All these factors argue against the promise of corn ethanol as a solution to the energy problem. “My take,” says Polasky, “is that [ethanol] is only going to be a bit player in terms of energy supplies.” He calculates that even if all the corn planted in the United States were used for ethanol, the biofuel would still displace only 12 percent of gasoline consumption. “If I’m doing this for energy policy, I don’t see the payback,” he says. “If we’re doing this as farm support policy, there may be more merit there. But we’re going to have to go to the next generation of technology to have a significant impact on the energy markets.”
Since the oil crisis of the 1970s, when the price of a barrel of petroleum peaked, chemical and biological engineers have chased after ways to turn the nation’s vast reserves of “cellulosic” material such as wood, agricultural residues, and perennial grasses into ethanol and other biofuels. Last year, citing another of President Bush’s goals–reducing U.S. gasoline consumption by 20 percent in 10 years–the U.S. Department of Energy (DOE) announced up to $385 million in funding for six “biorefinery” projects that will use various technologies to produce ethanol from biomass ranging from wood chips to switchgrass.
According to a 2005 report by the DOE and the U.S. Department of Agriculture, the country has enough available forest and agricultural land to produce 1.3 billion tons of biomass that could go toward biofuels. Beyond providing a vast supply of cheap feedstock, cellulosic biomass could greatly increase the energy and environmental benefits of biofuels. It takes far less energy to grow cellulosic materials than to grow corn, and portions of the biomass can be used to help power the production process. (The sugarcane-based ethanol produced in Brazil also offers improvements over corn-based ethanol, thanks to the crop’s large yields and high sugar content.)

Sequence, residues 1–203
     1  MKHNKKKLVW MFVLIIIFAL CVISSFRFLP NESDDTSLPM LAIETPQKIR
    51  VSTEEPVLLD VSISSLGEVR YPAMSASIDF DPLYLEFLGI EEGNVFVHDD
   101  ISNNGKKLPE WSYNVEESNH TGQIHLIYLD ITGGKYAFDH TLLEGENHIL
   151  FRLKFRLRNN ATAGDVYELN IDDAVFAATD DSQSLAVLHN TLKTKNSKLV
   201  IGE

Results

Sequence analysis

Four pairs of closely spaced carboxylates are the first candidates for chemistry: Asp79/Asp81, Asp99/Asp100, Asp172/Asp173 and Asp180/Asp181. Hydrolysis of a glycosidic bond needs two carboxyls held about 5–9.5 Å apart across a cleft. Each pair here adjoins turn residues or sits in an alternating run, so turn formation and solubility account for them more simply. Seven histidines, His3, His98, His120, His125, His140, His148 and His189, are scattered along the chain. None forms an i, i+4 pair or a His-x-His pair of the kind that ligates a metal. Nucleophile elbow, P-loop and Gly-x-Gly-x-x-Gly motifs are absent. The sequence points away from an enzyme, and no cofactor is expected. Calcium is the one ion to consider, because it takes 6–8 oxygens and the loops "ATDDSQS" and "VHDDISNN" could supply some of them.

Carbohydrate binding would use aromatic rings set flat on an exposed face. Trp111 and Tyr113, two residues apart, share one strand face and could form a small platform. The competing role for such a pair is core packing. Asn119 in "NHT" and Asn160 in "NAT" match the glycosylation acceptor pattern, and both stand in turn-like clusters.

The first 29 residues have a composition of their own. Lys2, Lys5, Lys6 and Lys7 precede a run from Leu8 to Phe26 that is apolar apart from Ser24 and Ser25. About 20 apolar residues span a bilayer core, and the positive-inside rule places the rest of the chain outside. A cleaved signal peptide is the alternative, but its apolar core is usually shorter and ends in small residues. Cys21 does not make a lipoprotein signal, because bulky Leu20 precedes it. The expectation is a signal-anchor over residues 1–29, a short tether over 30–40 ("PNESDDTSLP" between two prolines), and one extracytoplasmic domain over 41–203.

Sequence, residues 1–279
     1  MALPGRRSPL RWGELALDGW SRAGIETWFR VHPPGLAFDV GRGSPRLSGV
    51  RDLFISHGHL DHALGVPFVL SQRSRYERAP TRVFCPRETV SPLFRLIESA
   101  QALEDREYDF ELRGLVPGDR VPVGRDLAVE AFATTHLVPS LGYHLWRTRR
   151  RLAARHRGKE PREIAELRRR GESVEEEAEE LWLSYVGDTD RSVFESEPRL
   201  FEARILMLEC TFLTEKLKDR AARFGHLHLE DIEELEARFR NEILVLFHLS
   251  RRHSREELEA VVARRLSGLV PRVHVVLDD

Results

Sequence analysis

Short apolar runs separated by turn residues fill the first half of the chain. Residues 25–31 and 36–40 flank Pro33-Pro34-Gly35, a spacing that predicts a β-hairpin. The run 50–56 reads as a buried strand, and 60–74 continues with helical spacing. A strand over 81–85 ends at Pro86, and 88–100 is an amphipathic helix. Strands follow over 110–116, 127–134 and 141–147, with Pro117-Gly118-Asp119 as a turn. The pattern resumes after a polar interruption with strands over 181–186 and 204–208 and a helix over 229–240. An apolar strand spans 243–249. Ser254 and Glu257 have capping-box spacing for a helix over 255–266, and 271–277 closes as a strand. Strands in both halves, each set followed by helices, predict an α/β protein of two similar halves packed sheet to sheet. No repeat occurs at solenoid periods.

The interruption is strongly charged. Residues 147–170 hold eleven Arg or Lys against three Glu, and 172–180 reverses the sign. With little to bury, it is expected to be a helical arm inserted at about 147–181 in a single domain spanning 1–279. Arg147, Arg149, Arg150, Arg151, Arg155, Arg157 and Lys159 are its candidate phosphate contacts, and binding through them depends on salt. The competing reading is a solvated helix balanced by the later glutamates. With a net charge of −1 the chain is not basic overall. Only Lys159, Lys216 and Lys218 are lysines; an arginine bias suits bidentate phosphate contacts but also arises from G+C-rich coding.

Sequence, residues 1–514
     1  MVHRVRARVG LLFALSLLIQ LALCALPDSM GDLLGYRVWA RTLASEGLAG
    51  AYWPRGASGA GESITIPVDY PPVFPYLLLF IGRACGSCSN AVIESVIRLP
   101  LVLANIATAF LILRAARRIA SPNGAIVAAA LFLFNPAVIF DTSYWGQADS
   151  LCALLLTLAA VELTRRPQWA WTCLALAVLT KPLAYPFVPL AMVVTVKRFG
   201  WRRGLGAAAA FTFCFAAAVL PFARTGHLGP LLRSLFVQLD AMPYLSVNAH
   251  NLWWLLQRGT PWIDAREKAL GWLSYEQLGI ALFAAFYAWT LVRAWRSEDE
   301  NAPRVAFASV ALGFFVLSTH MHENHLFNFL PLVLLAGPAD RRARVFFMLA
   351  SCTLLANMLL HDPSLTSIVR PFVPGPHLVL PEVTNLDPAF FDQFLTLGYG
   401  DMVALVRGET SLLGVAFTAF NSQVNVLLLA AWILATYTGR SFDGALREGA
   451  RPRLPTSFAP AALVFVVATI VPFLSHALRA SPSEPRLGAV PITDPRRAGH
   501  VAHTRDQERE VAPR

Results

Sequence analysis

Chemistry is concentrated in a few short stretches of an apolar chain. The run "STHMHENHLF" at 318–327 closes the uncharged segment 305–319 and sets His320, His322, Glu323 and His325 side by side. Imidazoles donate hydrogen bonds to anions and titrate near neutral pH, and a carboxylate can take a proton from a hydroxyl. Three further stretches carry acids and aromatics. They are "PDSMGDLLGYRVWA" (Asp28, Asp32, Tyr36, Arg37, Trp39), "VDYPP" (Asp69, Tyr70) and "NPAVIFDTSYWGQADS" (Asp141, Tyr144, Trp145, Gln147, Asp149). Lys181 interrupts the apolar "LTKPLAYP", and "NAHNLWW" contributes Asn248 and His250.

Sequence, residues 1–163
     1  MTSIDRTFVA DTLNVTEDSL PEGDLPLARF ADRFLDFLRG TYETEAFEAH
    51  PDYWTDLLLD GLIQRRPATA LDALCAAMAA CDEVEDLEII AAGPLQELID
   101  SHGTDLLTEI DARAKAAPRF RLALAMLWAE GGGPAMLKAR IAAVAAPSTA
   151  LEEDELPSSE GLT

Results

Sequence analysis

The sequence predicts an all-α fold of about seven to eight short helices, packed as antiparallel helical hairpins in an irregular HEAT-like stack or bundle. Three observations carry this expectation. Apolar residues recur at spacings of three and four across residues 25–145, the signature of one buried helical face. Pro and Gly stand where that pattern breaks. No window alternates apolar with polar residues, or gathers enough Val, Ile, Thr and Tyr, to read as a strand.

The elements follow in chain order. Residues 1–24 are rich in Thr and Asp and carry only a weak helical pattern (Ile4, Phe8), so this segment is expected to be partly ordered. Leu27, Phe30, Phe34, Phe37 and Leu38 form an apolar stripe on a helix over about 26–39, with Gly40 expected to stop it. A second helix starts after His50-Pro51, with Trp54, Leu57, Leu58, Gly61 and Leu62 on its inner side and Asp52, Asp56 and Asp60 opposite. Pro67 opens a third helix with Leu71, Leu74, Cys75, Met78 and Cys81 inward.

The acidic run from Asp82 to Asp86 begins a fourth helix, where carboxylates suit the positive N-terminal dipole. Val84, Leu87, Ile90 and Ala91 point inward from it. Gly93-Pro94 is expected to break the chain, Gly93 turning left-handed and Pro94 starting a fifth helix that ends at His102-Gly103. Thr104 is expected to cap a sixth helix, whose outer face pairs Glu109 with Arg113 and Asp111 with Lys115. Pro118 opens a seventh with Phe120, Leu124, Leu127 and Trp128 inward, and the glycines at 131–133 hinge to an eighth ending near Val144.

But despite years of research and recent investment in scaling up production processes, no commercial facility yet makes cellulosic ethanol. The economic explanation is simple: it costs far too much to build such a facility. Cellulose, a long-chain polysaccharide that makes up much of the mass of woody plants and crop residues such as cornstalks, is difficult–and thus expensive–to break down.
Several technologies for producing cellulosic ethanol do exist. The cellulose can be heated at high pressure in the presence of oxygen to form synthesis gas, a mixture of carbon monoxide and hydrogen that is readily turned into ethanol and other fuels. Alternatively, industrial enzymes can break the cellulose down into sugars. The sugars then feed fermentation reactors in which microörganisms produce ethanol. But all these processes are still far too expensive to use commercially.
Even advocates of cellulosic ethanol put the capital costs of constructing a manufacturing plant at more than twice those for a corn-based facility, and other estimates range from three times the cost to five. “You can make cellulosic ethanol today, but at a price that is far from perfect,” says Christopher Somerville, a plant biologist at the University of California, Berkeley, who studies how cellulose is formed and used in the cell walls of plants.
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- University of Minnesota researchers explore the future of biofuels.
- C. Ford Runge explains the problems of corn ethanol.
- Venture capitalist Vinod Khosla details the market potential of alternative energies.
“Cellulose has physical and chemical properties that make it difficult to access and difficult to break down,” explains Caltech’s Arnold, who has worked on and off on the biological approach to producing cellulosic ethanol since the 1970s. For one thing, cellulose fibers are held together by a substance called lignin, which is “a bit like asphalt,” Arnold says. Once the lignin is removed, the cellulose can be broken down by enzymes, but they are expensive, and existing enzymes are not ideal for the task.